This post contains spoilers from Loki.
When a version (or variant) of Loki lucks upon the Tesseract midway through Avengers: Endgame and escapes the custody of S.H.I.E.L.D., it invites the question of where he ends up as the conflict with Thanos continues to play out.
The answer, at least for a few minutes at the beginning of his namesake show, is to the Gobi Desert. Shortly after that, however, he is captured once again, this time by the Time Variance Authority (TVA).
Initially, Loki believes that he can simply use the same bag of tricks that has worked for him so many other times. And, in turn, he believes that if he can attain the same sources of power he was after previously, he'll be able to escape the TVA, if not overtake it.
The truth doesn't take long to set in. Not only are his own abilities impotent in this new place, but the sources of power he was after--the Infinity Stones--are also worthless, used as paperweights by the workers. The expanded universe upon which he has stumbled is so much bigger and introduces an authority beyond what Loki and even the rest of the Avengers have known.
For the first few episodes of the series, we are slowly introduced into this larger universe of the TVA and its controllers, the Time Keepers. Along with Loki, we learn about their efforts to maintain a singular timeline. The Time Keepers themselves are difficult to reach--they are shrouded in secrecy and protected by layers of bureaucracy. Every mention of the Time Keepers comes with a spirit of reverence: TVA workers express gratitude and awe for their work and presence, statues and shrines of them adorn the workplace, and their origin story is told with a careful sense of wonder.
And then it all begins to fall apart. With the help of fellow variant Sylvie, Loki finally gains an audience with the Time Keepers in their sacred chambers, only to find out that the entire setup is fake. The Time Keepers are robots, and the story upon which the entire TVA is built is a myth.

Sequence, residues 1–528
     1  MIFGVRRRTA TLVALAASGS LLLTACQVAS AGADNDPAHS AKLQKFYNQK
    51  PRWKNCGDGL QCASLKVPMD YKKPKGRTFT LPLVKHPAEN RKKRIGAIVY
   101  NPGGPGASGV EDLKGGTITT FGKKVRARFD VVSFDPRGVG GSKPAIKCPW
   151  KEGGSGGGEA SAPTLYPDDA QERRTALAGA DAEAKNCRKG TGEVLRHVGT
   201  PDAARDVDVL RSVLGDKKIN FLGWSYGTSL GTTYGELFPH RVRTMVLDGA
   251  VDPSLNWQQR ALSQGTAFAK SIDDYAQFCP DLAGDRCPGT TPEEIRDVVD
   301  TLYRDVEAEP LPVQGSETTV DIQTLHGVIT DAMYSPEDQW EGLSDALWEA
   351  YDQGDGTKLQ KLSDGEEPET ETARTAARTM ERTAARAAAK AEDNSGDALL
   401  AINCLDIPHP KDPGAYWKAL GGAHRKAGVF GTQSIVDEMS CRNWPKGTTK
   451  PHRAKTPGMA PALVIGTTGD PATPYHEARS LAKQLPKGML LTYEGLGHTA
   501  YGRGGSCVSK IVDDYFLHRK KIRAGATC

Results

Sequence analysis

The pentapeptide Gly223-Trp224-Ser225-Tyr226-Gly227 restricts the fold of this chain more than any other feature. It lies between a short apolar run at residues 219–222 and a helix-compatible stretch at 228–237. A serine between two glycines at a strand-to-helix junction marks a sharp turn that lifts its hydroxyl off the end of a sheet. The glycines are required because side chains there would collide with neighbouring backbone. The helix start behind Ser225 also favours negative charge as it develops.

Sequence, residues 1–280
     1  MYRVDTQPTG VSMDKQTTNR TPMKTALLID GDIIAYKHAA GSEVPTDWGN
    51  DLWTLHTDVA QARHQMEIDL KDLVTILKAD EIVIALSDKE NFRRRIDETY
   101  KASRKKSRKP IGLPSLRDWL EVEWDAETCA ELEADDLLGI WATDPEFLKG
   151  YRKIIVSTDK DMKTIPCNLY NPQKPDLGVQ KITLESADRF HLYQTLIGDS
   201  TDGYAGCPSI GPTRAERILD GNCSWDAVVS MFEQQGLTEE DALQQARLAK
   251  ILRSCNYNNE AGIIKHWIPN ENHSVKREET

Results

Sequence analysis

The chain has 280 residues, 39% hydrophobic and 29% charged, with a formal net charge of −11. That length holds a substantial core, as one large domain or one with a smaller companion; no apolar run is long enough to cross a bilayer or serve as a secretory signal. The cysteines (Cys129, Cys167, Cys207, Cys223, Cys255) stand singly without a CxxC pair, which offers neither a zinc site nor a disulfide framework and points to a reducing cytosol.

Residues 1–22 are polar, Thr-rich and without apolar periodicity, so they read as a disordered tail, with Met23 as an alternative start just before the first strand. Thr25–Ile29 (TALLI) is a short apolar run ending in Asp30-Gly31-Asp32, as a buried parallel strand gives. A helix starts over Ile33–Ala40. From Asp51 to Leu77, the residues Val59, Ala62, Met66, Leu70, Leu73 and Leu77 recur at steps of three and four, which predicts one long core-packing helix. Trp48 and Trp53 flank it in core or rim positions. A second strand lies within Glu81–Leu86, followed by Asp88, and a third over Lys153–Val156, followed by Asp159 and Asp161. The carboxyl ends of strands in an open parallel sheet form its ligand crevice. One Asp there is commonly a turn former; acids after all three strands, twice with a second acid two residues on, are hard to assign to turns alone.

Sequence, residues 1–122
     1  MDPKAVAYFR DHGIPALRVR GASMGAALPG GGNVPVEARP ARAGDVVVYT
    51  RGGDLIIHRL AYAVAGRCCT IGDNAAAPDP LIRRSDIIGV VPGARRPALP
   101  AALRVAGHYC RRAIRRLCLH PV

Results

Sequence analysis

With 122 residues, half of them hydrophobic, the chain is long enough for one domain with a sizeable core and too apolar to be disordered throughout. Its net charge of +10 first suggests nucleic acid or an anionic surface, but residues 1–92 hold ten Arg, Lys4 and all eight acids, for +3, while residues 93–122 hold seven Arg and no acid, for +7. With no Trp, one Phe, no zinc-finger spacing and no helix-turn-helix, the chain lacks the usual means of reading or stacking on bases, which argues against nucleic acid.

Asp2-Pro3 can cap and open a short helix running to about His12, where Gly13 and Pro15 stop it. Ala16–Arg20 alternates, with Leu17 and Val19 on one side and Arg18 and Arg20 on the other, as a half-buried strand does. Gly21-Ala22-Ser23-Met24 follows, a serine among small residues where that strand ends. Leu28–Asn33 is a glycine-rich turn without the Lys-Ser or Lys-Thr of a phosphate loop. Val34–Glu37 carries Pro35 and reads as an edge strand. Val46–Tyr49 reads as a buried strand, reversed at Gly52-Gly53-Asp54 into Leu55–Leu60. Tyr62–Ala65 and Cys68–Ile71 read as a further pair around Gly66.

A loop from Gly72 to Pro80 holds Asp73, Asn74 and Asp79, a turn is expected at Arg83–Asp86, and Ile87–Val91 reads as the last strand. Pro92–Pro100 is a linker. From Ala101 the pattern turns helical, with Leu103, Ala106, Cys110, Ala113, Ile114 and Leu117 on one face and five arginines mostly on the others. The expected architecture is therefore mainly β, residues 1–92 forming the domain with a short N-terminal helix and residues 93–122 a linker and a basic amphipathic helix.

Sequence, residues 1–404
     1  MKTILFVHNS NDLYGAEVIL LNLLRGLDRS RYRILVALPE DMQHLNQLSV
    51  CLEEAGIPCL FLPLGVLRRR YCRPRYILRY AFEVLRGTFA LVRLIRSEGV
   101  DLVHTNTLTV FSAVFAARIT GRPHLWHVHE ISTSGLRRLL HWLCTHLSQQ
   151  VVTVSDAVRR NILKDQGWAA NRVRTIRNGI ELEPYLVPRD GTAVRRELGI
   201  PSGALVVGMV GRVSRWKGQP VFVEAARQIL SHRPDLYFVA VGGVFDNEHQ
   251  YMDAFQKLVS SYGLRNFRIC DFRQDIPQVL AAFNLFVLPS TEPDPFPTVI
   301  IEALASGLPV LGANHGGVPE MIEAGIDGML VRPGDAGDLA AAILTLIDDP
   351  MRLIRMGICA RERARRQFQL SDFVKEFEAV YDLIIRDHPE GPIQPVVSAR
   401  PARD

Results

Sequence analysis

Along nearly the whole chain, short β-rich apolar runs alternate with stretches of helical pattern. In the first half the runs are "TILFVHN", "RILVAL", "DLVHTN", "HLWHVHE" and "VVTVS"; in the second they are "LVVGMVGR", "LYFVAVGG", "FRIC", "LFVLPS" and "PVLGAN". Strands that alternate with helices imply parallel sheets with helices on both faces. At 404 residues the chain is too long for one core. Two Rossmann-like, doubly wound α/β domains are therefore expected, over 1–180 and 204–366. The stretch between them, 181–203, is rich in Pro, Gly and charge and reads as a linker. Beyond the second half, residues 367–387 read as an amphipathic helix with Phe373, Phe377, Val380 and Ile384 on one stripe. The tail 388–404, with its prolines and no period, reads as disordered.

The response to this discovery is multiple. Some, like Sylvie and Loki, think that seeking the truth is the most important response, no matter where it takes them. Others, like TVA judge Renslayer, believe that the best thing to do is to conceal the deception and uphold the structures of the organization in the name of the greater good.
The moment when the Time Keepers are revealed to be false is not unlike moments when some theological principle becomes increasingly unsatisfactory for people of faith. It may be more gradual than in Loki, beginning with a small nagging doubt that refuses to go away. That nagging doubt hooks in our mind and spirit, and we may begin to see other things differently as well. The questions will slowly build upon one another, until we can't brush them aside the way we could in the beginning.
When we reach that point, we're presented with a choice. On the one hand is the option to follow the doubts and questions, wherever they may take us. It may not involve fighting monsters the way that it does for Sylvie and Loki, but it may still bring dangers of becoming distanced from one's faith community and accusations of "falling away." But it will also lead to a more authentic sense of faith and self.
On the other hand, those dangers may seem too costly. Like Renslayer, we may choose to maintain the facade for the sake of community and keeping the peace. This, too, will come with a cost. It will cost us our own integrity, and it may also cost others a safe space to process their own doubts and questions.
Either way, deconstruction will cost us something. It will present us two roads diverged, each with certain rewards and dangers. But only one will help us be more true to ourselves.